Posted by: Mike Cornelius | December 17, 2017

Francesa Turns Off The Microphone

Somewhere across the breadth of this vast land there must be a place where a turn through the radio dial proves fruitless. Perhaps out in the High Plains, where the distance to the horizon seems endless and human settlement is widely scattered. But given the ubiquity of the format and the ability of powerful AM stations to broadcast great distances, especially at night, maybe even a solitary fan traveling down an empty Wyoming highway can still tune in to sports talk radio.

If so, he or she will be listening to one of broadcasting’s great contradictions – a programming genre that is enormously widespread yet targeted at a very narrow audience. That audience is generally young, overwhelmingly male, and possessing sufficient disposable income to gladden the hearts of advertisers. The format is simple. An opinionated host, or often two to play off each other, offers up analysis on sports issues and teams, then invites callers to phone in and join a debate that is almost always boisterous but only occasionally enlightening.

The genre has its own dialect. A caller who begins with “first-time, long-time,” is telling the host that while he has never before participated in the on-air discussion by calling in, he has been a loyal listener to the program for years. Frequent callers are as integral to the program as the host, and earn nicknames that lean toward the geographic, like “Jerome from Manhattan,” “Eli from Westchester,” and “Doris from Rego Park.” Whether first-time or frequent, the one common trait all callers possess is certitude that their knowledge of the team or sport under discussion is superior to every other listener’s, thus making their opinion the only one that should matter.

A skilled host knows when to parry with a caller, when to concede a point, and most important of all when to cut off a call that has become repetitive or, worse yet, vituperative. But to rise above the sports talk babble a host must combine those audience management skills with a breadth of knowledge about our games and the ability to express his opinions with a confidence that outlasts any of his listeners.

Mike Francesa didn’t invent sports talk radio. The consensus pioneer was Bill Mazer, with a program that began airing in 1964 on New York’s WNBC. But listeners to WFAN would surely argue that if he didn’t create the genre, for the past three decades Francesa has surely owned it.

He began his career at CBS Sports in 1982, first in a behind-the-scenes editorial position and later as a studio analyst for college sports. In 1987 Francesa moved to the fledgling WFAN, working a weekend shift, when there are normally far fewer radio listeners. With solid reviews and positive listener feedback, he was soon on the air weekdays, and in 1989 was teamed with Chris Russo. Francesa was enormously knowledgeable though sometimes pedantic, while Russo, five years his junior, was more spontaneous and irreverent. They were a perfect mix for millions of listeners, who tuned in and called in to the “Mike and the Mad Dog” show in ever-growing numbers. The two were joint winners of the 2000 Marconi Award for Major Market Personality of the Year, the first sports talk hosts to be so honored.

A lucrative offer from Sirius XM lured Russo to satellite radio in 2008, but Francesa continued on the station known to listeners as The FAN with the renamed “Mike’s On” show. For five and one-half hours every weekday afternoon Francesa blended discussion of national sports topics with analysis of local teams. Retaining that focus on the local franchises is critical to the success of any sports talk program, for whatever the season it is the fate of the local team that most ignites the passion of the fans who are listening and calling in.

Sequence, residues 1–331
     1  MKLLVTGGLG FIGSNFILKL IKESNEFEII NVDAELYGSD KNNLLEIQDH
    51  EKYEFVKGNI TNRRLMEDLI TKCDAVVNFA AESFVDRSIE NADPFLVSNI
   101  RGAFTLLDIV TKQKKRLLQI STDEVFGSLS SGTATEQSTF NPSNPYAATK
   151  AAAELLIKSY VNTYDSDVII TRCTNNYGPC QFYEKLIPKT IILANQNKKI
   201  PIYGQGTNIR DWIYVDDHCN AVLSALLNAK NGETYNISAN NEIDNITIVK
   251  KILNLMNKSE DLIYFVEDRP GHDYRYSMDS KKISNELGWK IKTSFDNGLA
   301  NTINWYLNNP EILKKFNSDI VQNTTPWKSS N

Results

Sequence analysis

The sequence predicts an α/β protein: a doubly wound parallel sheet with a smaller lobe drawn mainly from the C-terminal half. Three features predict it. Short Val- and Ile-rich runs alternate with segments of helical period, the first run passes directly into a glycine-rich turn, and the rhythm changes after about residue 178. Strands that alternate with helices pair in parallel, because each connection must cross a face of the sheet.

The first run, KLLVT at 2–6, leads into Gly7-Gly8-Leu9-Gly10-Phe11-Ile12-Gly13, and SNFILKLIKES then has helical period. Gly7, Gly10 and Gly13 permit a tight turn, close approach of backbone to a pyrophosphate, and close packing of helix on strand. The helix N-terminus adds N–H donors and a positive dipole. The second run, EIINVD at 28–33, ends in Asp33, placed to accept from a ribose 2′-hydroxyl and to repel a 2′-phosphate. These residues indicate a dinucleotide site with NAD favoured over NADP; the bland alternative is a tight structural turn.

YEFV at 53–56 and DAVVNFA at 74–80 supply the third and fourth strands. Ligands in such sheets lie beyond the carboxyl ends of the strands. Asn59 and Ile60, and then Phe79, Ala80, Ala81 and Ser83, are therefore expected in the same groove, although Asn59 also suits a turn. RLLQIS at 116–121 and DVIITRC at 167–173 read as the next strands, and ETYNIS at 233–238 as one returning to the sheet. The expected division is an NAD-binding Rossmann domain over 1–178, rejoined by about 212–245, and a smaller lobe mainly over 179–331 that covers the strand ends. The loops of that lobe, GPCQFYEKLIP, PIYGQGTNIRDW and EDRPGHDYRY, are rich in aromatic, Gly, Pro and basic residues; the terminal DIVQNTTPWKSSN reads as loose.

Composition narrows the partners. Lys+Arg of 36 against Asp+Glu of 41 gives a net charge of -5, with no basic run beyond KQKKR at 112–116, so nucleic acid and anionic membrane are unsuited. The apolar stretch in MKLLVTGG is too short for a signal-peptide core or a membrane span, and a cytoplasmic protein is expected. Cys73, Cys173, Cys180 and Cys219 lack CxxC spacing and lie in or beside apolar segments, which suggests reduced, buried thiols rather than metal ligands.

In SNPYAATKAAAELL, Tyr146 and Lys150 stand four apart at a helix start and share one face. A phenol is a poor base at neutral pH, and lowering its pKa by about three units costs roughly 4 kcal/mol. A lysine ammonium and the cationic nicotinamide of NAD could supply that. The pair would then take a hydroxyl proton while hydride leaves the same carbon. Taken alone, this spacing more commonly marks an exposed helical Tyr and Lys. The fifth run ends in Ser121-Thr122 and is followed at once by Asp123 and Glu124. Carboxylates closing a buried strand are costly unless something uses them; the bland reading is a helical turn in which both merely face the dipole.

In Gotham there are multiple rooting interests in every major sport, and Francesa was both a broadcaster and a fan. In the latter role he was never shy about revealing his preferences. When the Mets and Yankees both advanced to the 2000 World Series, Francesa offered this to his listeners who were loyal to the team from Queens: “Congratulations Mets fans. Now you get to play the varsity.” He could also use the broadcast booth as bully pulpit. The most recent example of this was a tirade he launched against the New York Giants in the wake of now former head coach Ben McAdoo’s benching of quarterback Eli Manning.

Even as the industry has changed, with many sports broadcasters moving to streaming outlets and podcasts, Francesa continued to bring in more than one million different listeners per week, eager to debate the opinions he offered up in his unforgettable Long Island accent. They tuned in to talk about the Yankees or the Knicks, and stayed tuned in when Francesa would veer into a lengthy discussion of horse racing. His broad authority on so many sports topics gave him his nickname – the Sports Pope. Despite those ratings, almost a year ago, during contract negotiations with WFAN, Francesa announced that the would leave the station at the end of the year.

Friday, he took his place behind the microphone for the final time. Over the last week numerous celebrities had called in to congratulate him, but for his final show Francesa wanted to talk only to the everyday sports fans who have made his career. Through the final hours he went to commercial with the same three words he has used for decades, “back after this.” Until at 6:30, after a last call from his wife Roe and a final heartfelt thank you to his listeners, he wasn’t.

On Monday WFAN will debut a new program in Francesca’s time slot. Veteran broadcaster Chris Carlin, former New York Jets linebacker Bart Scott, and Sports Illustrated contributor Maggie Gray will host. Faced with replacing the Sports Pope, management at The FAN decided they needed a trinity.

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